US sanctions to damage India’s oil supply from Russia – Offshore Technology

The recent US sanctions on Russia threaten its oil sales to India, making it more difficult for Indian state refiners to secure annual supply deals with its largest seaborne crude oil supplier, three industry sources told Reuters.

On 23 February, which marked two years since Russia invaded Ukraine, the US Department of the Treasury’s Office of Foreign Assets Control (OFAC) sanctioned almost 300 individuals and entities in response to the death of Russia’s opposition politician and activist Aleksey Navalny.

The OFAC has targeted Joint Stock Company Sovcomflot (Sovcomflot), Russia’s state-owned shipping company and fleet operator, to “reduce Russia’s revenue from oil sales”. 

“We take the next step by targeting Russia’s largest state-owned shipping company and fleet operator, dealing a huge blow to their shadow operations,” Deputy Secretary of US Treasury Wally Adeyemo said in a press release. “We are entering the next phase of increasing Russia’s costs in a responsible manner to mitigate risks,” he added.

According to the US Government, Sovcomflot violated the G7’s price cap on Russian oil and 14 crude oil tankers related to the shipping company. 

Recent US Government analysis said that the price at which Russia sells its oil has declined since the price cap was imposed, citing reduced global oil prices and discounts earned by Russia compared with other global oil suppliers. The data showed that the discount rose from around $12–13 per barrel of crude oil in October 2023 to almost $19 per barrel over the past month.

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“The price cap on Russian oil continues to serve its twin goals of limiting Kremlin profits while promoting stable energy markets,” Adeyemo said.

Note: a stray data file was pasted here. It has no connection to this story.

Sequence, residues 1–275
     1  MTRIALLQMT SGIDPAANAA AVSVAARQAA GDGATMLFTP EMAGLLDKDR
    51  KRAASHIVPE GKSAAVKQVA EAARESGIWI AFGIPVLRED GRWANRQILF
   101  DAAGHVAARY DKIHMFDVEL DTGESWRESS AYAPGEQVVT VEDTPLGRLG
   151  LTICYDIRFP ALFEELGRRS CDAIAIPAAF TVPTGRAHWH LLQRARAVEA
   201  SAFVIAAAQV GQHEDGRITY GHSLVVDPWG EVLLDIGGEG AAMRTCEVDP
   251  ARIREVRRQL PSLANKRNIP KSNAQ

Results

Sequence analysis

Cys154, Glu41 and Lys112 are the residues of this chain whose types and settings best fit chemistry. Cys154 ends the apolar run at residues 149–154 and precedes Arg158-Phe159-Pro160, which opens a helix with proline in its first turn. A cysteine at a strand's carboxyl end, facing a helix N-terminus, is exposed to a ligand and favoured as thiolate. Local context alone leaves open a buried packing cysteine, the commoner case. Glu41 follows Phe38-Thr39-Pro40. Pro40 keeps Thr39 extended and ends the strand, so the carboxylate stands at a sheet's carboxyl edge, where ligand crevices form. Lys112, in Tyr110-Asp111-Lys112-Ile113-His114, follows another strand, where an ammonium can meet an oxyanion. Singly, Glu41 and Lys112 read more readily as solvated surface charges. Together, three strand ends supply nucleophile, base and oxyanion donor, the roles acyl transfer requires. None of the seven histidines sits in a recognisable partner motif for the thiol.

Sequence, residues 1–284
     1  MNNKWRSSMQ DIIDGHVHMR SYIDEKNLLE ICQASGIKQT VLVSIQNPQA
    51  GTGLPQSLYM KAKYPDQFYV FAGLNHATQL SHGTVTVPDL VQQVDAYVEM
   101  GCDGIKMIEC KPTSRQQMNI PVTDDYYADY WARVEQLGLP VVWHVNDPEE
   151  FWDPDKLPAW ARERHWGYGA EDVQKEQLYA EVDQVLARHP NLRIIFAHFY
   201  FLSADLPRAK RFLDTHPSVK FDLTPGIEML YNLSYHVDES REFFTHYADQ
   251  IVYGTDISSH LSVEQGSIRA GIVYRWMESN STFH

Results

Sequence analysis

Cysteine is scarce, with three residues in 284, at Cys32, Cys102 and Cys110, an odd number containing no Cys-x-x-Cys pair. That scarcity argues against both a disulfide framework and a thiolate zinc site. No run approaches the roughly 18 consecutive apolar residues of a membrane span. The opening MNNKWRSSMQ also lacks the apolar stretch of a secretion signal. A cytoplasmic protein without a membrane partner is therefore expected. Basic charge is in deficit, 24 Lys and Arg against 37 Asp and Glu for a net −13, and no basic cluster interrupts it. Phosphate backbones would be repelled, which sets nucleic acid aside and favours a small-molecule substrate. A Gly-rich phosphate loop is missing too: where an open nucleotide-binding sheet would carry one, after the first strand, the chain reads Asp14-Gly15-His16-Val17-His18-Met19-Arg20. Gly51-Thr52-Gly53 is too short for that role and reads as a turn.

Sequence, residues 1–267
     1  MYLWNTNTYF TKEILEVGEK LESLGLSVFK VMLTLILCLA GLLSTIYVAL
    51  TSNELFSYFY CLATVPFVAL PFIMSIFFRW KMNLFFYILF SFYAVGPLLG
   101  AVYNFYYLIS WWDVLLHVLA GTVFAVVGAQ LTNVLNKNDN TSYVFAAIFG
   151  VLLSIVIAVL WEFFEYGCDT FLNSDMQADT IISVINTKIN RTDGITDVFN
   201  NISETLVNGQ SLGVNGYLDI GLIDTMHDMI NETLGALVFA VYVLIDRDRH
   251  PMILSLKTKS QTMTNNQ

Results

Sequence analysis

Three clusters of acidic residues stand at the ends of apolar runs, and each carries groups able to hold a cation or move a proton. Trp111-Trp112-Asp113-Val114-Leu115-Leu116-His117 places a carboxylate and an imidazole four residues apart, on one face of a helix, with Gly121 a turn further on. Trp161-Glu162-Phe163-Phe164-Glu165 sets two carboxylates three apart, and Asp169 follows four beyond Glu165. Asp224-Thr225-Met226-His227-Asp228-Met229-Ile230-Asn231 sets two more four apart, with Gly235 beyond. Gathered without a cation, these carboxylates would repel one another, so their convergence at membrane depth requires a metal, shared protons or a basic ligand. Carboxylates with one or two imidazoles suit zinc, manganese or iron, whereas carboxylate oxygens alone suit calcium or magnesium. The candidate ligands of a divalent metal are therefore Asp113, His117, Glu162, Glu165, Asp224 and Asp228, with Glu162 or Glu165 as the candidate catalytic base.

Indian refiners are worried that the most recent sanctions could create “challenges” to secure vessels for Russian oil, which could consequently lead to increased freight rates, Reuters reported. This development could potentially impact the discounted oil, normally purchased from traders and Russian companies on a delivered basis.

According to sources, the final volumes of the planned term deals rely on the payment terms and discounts offered by Russia, Reuters said. Additionally, two sources have revealed that Rosneft has offered a discount of $3–3.50 per barrel to Dubai prices, more expensive than Indian Oil’s current deal with Rosneft. Indian Oil’s deal will expire on 31 March, and it currently receives a discount of $8–9 to Dubai quotes on a cost and freight basis from Rosneft, the news agency said.

India took massive advantage of the discounted rates on Russian oil and has been among one of the largest consumers of Russian oil since the invasion of Ukraine. However, India’s imports of Russian crude oil fell for a second consecutive month in January, the lowest they have been in a year, due to tightened US sanctions.

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